Classical Economics

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Classical Economics


(classical bourgeois political economy), a school of bourgeois economic thought that arose in the 18th century, when the capitalist mode of production was being formed, before the class struggle of the proletariat was well advanced.

The classical economists were the first to investigate capitalist production; their work laid the foundation for political economy as a science. As Marx wrote, “By classical Political Economy, I understand that economy which, since the time of W. Petty, has investigated the real relations of production in bourgeois society” (K. Marx and F. Engels, Soch., 2nd ed., vol. 23, p. 91, note). V. I. Lenin called classical economics one of the sources of Marxism.

Classical economics expressed the interests of the industrial bourgeoisie, proclaiming capitalism to be the eternal and natural form of production; it alleged that capitalism was the only structure that corresponded to “human nature”—that is, the nature of the bourgeois himself and his guiding principle of “reasonable egotism.” The school criticized the parasitism and dissipation of the feudal class. It reexamined the theories of its predecessors, the mercantilists, who were the ideologists of commercial capital. In calling for “economic freedom,” it sought to limit the interference of the state in the activity of the bourgeoisie. Classical economics tried to show that objective “natural” laws rule over economic life and that their violation leads to calamity for all of society. The school strove to define these internal laws, but the limitations of the bourgeois outlook kept it from fully realizing the scientific nature of economics.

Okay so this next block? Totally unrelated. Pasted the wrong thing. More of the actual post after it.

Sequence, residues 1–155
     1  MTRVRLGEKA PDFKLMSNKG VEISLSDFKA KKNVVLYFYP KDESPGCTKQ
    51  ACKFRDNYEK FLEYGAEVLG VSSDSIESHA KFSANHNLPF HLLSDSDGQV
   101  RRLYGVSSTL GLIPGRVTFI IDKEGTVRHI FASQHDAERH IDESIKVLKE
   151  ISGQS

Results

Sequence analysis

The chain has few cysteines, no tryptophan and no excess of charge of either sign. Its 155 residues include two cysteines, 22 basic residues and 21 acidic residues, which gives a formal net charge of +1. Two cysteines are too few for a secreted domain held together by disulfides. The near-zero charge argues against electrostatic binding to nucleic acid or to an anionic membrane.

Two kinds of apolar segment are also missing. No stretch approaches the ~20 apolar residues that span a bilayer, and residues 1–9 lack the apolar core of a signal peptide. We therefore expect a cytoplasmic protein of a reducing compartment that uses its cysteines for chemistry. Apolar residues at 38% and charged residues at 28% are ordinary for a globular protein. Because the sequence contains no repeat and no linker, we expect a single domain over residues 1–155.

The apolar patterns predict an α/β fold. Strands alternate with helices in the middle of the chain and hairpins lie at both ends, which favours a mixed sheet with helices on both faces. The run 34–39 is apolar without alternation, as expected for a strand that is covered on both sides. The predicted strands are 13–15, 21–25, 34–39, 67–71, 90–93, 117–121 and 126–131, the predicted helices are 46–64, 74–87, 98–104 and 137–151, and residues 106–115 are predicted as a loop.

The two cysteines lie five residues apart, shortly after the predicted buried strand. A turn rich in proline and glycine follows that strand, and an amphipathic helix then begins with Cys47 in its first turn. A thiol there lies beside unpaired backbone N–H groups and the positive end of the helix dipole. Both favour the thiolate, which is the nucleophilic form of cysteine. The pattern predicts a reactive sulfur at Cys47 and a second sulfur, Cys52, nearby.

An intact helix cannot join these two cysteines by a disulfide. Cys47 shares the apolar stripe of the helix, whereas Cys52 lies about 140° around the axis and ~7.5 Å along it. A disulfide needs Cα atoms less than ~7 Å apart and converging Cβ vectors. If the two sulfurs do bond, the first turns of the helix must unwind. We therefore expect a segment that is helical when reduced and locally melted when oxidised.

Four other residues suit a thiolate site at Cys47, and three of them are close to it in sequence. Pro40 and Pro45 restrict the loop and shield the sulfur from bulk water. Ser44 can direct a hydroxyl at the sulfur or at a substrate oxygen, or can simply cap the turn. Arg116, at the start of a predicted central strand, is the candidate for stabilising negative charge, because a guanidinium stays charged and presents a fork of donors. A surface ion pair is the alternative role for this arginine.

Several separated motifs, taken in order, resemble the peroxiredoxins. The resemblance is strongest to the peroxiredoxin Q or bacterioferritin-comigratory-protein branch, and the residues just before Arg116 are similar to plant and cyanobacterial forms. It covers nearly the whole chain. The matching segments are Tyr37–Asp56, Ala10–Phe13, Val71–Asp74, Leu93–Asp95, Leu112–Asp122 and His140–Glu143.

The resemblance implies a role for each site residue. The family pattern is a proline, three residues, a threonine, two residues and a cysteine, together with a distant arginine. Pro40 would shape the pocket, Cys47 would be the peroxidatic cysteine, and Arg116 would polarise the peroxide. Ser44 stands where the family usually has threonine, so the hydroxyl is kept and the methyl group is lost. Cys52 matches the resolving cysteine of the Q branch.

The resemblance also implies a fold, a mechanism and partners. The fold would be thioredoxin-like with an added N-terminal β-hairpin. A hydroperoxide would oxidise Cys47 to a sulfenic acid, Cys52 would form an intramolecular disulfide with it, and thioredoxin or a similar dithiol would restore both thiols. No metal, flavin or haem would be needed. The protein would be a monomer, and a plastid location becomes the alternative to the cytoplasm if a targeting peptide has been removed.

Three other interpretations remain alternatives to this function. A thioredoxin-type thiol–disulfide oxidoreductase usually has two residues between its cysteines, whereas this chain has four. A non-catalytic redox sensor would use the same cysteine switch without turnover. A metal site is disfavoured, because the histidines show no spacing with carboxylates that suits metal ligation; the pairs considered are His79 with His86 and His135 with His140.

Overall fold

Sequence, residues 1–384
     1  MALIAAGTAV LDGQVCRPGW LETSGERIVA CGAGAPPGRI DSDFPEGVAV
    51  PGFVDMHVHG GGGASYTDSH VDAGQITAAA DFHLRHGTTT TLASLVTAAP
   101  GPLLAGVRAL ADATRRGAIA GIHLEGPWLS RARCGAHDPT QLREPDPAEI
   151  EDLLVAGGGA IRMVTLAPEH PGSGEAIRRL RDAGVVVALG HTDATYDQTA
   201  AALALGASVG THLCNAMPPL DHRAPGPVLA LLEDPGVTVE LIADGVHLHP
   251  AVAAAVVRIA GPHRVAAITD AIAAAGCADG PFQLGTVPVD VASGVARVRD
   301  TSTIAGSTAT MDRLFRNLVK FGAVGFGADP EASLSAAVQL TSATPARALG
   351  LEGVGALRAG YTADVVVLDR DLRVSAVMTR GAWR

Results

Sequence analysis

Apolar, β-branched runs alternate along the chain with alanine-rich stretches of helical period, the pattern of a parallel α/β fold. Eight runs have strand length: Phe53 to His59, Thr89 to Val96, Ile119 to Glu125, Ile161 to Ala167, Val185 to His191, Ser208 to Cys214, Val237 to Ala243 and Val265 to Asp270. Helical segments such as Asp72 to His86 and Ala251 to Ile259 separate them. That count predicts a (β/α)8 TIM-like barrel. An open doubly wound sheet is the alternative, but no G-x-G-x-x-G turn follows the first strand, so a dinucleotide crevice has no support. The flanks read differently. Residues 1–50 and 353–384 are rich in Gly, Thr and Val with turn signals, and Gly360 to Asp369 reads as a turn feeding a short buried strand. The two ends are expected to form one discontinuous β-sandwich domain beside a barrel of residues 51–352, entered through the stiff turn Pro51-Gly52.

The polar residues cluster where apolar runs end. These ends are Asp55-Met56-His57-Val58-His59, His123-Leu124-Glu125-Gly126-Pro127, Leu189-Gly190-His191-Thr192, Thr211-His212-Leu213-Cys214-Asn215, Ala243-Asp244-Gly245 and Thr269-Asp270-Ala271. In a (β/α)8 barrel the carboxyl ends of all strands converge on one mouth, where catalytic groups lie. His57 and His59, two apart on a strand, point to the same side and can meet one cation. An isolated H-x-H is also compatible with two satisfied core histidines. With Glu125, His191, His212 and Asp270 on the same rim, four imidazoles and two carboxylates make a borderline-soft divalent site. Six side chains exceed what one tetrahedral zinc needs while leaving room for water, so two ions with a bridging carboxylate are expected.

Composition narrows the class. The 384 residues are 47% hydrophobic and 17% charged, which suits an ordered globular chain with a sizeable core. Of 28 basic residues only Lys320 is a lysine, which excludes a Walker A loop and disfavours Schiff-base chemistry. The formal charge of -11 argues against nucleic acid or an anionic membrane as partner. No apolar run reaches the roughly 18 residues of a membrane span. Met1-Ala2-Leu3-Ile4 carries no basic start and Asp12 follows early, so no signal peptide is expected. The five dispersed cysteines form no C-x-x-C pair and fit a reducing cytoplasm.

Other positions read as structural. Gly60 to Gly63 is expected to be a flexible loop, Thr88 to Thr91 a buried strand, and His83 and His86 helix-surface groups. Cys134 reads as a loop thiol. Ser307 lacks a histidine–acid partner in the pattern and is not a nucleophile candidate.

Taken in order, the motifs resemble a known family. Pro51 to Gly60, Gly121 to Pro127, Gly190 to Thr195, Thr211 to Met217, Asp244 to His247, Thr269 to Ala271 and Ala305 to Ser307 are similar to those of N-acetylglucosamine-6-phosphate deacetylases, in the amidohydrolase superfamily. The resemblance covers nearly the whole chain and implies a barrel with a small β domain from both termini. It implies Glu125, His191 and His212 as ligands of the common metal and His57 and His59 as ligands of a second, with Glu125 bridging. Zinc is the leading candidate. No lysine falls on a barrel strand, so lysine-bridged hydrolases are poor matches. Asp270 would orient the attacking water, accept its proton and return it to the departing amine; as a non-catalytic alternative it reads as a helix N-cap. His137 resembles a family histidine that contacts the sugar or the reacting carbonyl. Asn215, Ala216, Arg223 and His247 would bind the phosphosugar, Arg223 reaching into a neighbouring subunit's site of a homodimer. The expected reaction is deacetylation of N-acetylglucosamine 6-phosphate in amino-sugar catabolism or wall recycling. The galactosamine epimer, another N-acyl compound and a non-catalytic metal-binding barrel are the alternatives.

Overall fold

Classical economics developed in Great Britain and France, particularly in the former, where its proponents included W. Petty, who originated the labor theory of value and was the first to study wages and rents; A. Smith, whom K. Marx called the summarizing economist of the manufactory period; and D. Ricardo, whose work marked the culmination of the school in Great Britain during the industrial revolution. The founder of classical economics in France was P. Boisguillebert, whose teaching also contained the germ of the labor theory of value. Other classical economists in France were the Physiocrats F. Quesnay and A. R. J. Turgot, whom Marx called “the fathers of contemporary political economy” (ibid., vol. 26, part 1, p. 12). L. de Sismondi put the finishing touches on classical economics in France. Although he shared the hypotheses of the school with respect to the theory of value, profit, and rent, Sismondi was at the same time a proponent of small-scale production and the founder of the petit bourgeois school of economic thought called economic romanticism. Classical economists in France were characterized by feudal limitations in their outlook, manifest in their overriding concern for agriculture and support of small-scale production. These views are explained by the low level of development of capitalist relations in France in their day.

Classical economics used a method that was new for political economy at the time: analysis of the essence of phenomena with the help of scientific abstractions. However, Smith’s scientific analysis, for example, was laced with superficial generalizations. Ricardo also made insufficient use of scientific abstractions. Inherent in their method were metaphysics and ahistoricism. The economic categories of capitalism were seen by them as eternal and natural, subject only to quantitative change. They did not understand that the economic categories expressing social productive relations were historically transient.